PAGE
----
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Steve Kline is the director of market intelligence for Gardner Business Media Inc. (Cincinnati, Ohio), the parent company and publisher of High-Performance Composites. Kline holds a BS in civil engineering from Vanderbilt University and an MBA from the University of Cincinnati.
The October Composites Business Index (CBI) of 51.2 showed U.S. composites business activity expansion for the first time since April 2013. October’s index was 6.2 percent higher than in October 2012 and the second straight month of improvement compared to a year ago. (What is the CBI? See "By the Numbers: The Composites Busienss Index," under "Editor's Picks" at top right.)
New orders jumped dramatically, growing for the first time since April 2013, and production grew faster for the second month in a row — both reaching their highest growth rates since May 2012. Backlogs still contracted at a significant rate, but the rate had slowed the previous two months. Employment had grown at a fairly constant rate the previous four months. Exports continued to contract as the dollar remained strong. Supplier deliveries continued to lengthen.
Material prices increased at a faster rate for the second month in a row. Prices received had increased for three straight months, but at a quite modest rate. Future business expectations jumped dramatically, reaching its highest level since April 2012.
Midsize fabricators (50 to 249 employees) grew at a very fast rate in October. Facilities with 100 to 249 employees grew for the ninth time in the preceding 12 months. Fabricators with more than 250 employees contracted for the second time in the preceding three months, but at fairly modest rates. Facilities with fewer than 19 employees were virtually unchanged in October. The rate of contraction at these plants had slowed dramatically and this subindex reached its highest level since March 2013.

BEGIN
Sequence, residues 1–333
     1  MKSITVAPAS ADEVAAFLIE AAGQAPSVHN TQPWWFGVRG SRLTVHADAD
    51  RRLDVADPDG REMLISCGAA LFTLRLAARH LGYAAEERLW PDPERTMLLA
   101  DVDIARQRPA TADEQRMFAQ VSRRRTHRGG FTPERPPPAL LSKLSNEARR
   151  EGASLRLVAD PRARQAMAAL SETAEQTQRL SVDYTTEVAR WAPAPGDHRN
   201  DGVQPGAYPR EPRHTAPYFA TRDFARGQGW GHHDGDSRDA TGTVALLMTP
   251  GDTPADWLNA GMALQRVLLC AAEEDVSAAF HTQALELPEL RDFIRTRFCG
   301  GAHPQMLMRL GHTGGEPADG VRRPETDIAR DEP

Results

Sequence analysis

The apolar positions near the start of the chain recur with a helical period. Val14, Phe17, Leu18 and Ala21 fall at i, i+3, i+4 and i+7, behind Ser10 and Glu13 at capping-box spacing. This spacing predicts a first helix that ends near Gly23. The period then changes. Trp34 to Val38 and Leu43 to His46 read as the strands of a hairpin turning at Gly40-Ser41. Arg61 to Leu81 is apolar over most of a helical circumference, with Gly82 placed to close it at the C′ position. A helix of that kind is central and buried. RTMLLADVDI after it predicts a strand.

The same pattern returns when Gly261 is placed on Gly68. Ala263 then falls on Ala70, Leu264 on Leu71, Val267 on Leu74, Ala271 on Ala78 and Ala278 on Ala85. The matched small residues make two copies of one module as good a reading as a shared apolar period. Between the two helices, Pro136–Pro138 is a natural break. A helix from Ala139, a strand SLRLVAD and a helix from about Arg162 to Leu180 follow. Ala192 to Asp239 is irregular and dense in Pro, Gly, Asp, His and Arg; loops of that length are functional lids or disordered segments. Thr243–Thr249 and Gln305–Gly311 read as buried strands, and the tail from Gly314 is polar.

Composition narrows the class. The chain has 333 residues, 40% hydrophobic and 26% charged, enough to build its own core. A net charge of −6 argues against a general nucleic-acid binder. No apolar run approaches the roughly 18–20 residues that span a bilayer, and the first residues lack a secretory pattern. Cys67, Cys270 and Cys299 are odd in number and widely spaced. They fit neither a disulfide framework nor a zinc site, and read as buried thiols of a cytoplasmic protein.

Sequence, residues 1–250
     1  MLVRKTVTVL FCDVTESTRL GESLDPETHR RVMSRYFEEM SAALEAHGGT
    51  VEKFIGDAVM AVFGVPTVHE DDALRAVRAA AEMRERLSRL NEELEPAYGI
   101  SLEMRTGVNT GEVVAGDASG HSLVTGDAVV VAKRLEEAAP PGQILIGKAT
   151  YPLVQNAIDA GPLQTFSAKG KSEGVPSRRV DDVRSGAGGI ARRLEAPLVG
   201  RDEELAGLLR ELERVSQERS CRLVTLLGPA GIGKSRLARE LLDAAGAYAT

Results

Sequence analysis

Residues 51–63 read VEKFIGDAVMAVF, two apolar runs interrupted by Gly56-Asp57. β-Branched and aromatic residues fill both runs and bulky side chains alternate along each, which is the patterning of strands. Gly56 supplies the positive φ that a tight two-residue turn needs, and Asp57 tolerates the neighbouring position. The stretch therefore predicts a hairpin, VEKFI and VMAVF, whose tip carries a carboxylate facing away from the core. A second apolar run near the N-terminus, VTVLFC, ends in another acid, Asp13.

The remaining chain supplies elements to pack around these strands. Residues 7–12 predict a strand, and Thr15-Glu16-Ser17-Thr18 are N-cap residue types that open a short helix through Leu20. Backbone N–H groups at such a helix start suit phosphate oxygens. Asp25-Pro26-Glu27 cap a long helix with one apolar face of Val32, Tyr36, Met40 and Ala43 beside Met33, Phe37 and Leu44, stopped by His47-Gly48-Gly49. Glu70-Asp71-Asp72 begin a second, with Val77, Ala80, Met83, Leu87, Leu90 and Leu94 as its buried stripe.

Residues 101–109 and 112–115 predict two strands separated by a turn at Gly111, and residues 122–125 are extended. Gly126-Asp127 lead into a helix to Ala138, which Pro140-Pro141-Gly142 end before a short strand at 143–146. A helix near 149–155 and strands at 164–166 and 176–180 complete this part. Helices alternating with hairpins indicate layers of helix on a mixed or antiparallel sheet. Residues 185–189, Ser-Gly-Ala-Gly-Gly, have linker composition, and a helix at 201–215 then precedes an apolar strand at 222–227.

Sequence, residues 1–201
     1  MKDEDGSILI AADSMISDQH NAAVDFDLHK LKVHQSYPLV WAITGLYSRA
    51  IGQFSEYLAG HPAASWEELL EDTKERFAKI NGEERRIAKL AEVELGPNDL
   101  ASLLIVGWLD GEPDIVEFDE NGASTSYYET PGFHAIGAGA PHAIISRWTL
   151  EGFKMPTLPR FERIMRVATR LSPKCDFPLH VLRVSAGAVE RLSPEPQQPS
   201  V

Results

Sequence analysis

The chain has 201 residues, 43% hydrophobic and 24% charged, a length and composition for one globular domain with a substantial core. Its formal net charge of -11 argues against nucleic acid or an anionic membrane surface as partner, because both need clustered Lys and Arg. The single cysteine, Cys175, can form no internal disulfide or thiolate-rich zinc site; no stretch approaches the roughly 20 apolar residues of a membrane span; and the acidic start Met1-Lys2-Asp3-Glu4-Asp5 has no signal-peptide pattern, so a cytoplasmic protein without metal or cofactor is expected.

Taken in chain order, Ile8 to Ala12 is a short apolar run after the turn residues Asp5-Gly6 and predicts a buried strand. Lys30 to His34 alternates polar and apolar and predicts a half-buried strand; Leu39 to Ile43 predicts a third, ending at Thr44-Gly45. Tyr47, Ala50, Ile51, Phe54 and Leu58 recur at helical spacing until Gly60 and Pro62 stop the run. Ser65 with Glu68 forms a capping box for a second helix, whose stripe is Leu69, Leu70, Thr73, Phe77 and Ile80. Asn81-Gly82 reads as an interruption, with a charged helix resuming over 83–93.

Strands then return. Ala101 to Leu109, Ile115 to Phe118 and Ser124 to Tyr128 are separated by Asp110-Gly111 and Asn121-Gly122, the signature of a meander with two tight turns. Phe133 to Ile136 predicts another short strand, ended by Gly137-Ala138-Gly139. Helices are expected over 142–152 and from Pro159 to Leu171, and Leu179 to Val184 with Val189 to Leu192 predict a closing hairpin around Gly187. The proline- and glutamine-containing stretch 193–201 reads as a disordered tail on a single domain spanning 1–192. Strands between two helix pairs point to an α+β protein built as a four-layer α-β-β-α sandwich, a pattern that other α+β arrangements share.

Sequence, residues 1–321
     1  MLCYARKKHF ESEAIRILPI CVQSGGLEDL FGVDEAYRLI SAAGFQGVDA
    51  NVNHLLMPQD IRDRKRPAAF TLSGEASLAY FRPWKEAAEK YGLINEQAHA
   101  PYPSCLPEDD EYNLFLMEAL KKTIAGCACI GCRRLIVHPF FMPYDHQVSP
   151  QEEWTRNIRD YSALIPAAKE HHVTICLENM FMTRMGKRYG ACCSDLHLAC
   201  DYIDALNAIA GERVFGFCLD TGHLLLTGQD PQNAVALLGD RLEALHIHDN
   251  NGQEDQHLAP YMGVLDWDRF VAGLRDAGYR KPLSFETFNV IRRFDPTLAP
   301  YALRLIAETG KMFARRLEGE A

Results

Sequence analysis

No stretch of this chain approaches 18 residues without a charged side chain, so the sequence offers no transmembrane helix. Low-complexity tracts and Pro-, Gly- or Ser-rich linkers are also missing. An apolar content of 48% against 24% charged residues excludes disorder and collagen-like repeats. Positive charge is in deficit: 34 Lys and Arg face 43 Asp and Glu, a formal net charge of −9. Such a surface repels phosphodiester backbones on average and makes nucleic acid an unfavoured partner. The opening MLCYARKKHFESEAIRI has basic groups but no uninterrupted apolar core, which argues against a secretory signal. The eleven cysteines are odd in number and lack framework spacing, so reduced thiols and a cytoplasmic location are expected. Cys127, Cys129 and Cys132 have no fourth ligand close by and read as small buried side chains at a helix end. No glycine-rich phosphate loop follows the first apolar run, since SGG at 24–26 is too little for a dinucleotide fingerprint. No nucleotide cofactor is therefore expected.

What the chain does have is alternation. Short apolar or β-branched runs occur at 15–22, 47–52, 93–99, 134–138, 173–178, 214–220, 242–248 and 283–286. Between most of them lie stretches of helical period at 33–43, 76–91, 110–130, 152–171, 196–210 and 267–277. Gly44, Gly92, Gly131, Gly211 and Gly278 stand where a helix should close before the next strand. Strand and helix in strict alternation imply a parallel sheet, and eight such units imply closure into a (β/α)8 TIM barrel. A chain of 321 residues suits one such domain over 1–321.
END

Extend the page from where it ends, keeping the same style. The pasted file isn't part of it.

The Mountain region grew very quickly. Its subindex was 59.2, the highest since March 2012. New England, the Pacific, and the East North Central moved to expansion. The Middle Atlantic was flat. The South Atlantic and West North Central contracted faster in October.
Future capital spending plans were up 1.5 percent compared to October 2012.
In November, however, a CBI of 49.1 showed that business activity had contracted modestly. Although the CBI had indicated contraction in five of the previous six months, business conditions were improving compared to the same point in 2012. In each of the three preceding months, the index was higher than it was one year earlier. In November, the index was 11.6 percent higher than a year ago.
After strong new orders and production growth in October, both of these subindices barely contracted in November. Backlogs continued to contract, but at the slowest rate since March 2013. Employment had expanded at a relatively constant rate in the previous five months. A strong dollar kept exports in contraction, and supplier deliveries continued to lengthen but at a slower rate than in the first half of 2013.
Materials prices continued to increase, but the rate had moderated over the previous four months. Prices received by fabricators decreased for the first time in three months. This combination put pressure on profits. Future business expectations fell slightly from the October level, but were still at their second highest level since May 2012.
Facilities with more than 50 employees continued to expand as they had for most of 2013. Fabricators with 20 to 49 employees grew for the first time since March 2013. The smallest plants had contracted every month since March 2013.
Regionally, the Pacific grew for the second month in a row and at its fastest rate in November. The only other growth was in the South Atlantic. The Mountain, East North Central, and Middle Atlantic regions contracted after expanding in October. The West North Central contracted for the fourth consecutive month.
Future capital spending plans were way up for the third straight month. Future spending plans were up 54.1 percent from a year ago and the annual change rate was up 11 percent.blog comments powered by Disqus
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